Task Management StrategyEstimated reading time: 5 mins
Over the years, I’ve tried many different approaches to managing my life and the tasks that I have to do. One thing is certain for me: keeping all the tasks in my head does not work long-term. Moreover, as I add more tasks, it becomes impossible to remember all the details of each task in my brain.
This used to ding my confidence as I thought that I could keep everything in my head. I saw no need for a system or a process for my task management. I thought that a task management system is something that you use for work and not for personal success.
I know about biases and that while it may be true that I am good at remembering my tasks, I can always experiment and get better.
I haven’t found a perfect solution that is digital or analogue. I switch between the two or complement digital with analogue (and vice versa). Commonly, I have a notebook near my reach and using Notes app on my Mac and iPhone. Regardless of the medium that I use, I ALWAYS date my tasks.
Recently, I had an experiment from March to May 2020 where I went back to using simple paper post-it notes and nothing else.
Using the post-it notes system was a visual and physical process. I could use post-it’s colours to separate, categorize, or group ideas. Post-its allowed me to glue important tasks to my monitor for visibility. I could spread my post-it cards and view my ideas on any physical surface. I thought I found a perfect system and was feeling productive.
These paper post-its were helpful in keeping my thoughts in line while I was writing my first book, Learn Node.js. I had an idea for the book but ideas for chapters and their structure were less clear.
I had two post-it piles : to finish and finished. Every idea went into to finish pile. This pile would then grow and I would feel less anxious. In the individual post-it card, I was as descriptive as I could be about a task. The physical constraint of the post-it paper made sure that I was succinct. Then, as I progressed through my tasks I would cross out completed items and move them into the completed pile.
Thus, I would reward myself twice:
- (1) for completing a task by crossing it off and
- (2) for placing a post-it card onto the completed pile and making the pile grow.
Unfortunately, the post-it solution for tracking my life tasks died down around May 2020 when I completed my book. I could not get into the habit of using post-it notes for everything else in my life.
Since then, I’ve been keeping important tasks in my head once again. I finally caught myself in this bad loop. I know that keeping things in my head for a long time leads to burnout. Now, I am trying to offload these things and get back into order. After post-its, I was using a combination of Apple Notes and physical paper for managing my global tasks.
I think that post-it solution works great for short-term. It failed to captivate me in the long-term. Physical transport of the cards was a big let down. As my list of post-its grew, it became not realistic to carry the pile with me. While in transit, I found myself using the Notes app and not a post-it even if I had them with me. The paper can be lost, whereas my data in the app will stay there. This method fell short as I would fail to transfer data from the note’s app into its own post-it when I was at home. I did not like the need for double processing.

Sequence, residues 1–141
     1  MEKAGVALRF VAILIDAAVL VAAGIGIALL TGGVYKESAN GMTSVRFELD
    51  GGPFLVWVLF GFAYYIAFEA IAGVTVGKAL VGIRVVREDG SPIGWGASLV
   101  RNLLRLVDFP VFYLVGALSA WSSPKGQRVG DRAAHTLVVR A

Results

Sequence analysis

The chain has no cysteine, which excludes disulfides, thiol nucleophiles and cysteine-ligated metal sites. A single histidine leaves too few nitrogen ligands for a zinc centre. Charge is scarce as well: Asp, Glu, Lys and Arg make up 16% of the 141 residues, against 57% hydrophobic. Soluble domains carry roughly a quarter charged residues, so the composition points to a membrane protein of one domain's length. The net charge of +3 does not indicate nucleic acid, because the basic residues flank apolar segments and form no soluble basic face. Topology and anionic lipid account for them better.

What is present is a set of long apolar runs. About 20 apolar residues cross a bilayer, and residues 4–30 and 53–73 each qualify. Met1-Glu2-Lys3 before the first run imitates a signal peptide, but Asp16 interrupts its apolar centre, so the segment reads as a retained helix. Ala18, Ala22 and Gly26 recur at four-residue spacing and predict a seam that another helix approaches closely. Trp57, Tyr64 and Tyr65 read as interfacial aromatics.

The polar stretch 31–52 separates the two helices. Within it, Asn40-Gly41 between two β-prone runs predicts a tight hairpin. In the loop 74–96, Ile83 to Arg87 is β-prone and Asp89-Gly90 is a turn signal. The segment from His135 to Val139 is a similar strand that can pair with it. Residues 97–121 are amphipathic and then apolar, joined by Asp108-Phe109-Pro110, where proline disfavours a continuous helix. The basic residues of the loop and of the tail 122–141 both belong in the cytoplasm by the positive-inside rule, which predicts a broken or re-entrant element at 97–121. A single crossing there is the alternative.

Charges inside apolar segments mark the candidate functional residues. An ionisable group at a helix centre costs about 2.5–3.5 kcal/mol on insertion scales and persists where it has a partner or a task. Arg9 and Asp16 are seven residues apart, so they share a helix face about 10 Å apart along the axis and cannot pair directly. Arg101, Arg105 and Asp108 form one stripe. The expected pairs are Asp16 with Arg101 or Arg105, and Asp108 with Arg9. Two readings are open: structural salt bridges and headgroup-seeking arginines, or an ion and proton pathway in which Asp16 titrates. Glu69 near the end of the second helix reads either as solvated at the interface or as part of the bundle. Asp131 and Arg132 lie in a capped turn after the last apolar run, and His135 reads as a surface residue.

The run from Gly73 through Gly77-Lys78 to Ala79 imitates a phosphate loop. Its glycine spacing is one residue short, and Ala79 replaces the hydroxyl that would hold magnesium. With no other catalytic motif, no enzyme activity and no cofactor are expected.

What I want from my task management process is to see my progress and to keep track of tasks. I think the best way to approach this problem for me is to separate the year into 52 weeks and 12 months. Then for each week separate it into 7 days. Finally, for each day track the tasks added and completed. The following day, move tasks that were not completed from one day to the next. Group all this by months. Ideally this process is digital.
I am trying Notion application to envision my described perfect task management process. I tried to use Trello before Notion but I could not reproduce the functionality. Notion made realizing my idea easier to do. I made my application look like this :
To summarize, the system breakdown looks like :
[month #] > [week #] > [day #] > [task(s)]
Goals of system:
- Streamline my productivity and increase positivity
- Reduce daily stress and anxiety
- Reduce reliance on my brain and offload data to an app
- Use it for short-term and long-term task management
Rules of system :
- System depends on daily active use
- In the morning, copy the data of previous day to the new day
- Delete completed tasks from previous day
- Go over the tasks in the To Do
- Move tasks I think I will work on today to the top of the To Do list
- Throughout the day, I add tasks as needed
- Throughout the day, offload an idea from my head by creating it into a task
- If my to do list gets huge I can see myself being overwhelmed and stop using the system
- Reliance on Notion
- Not sure how to archive progress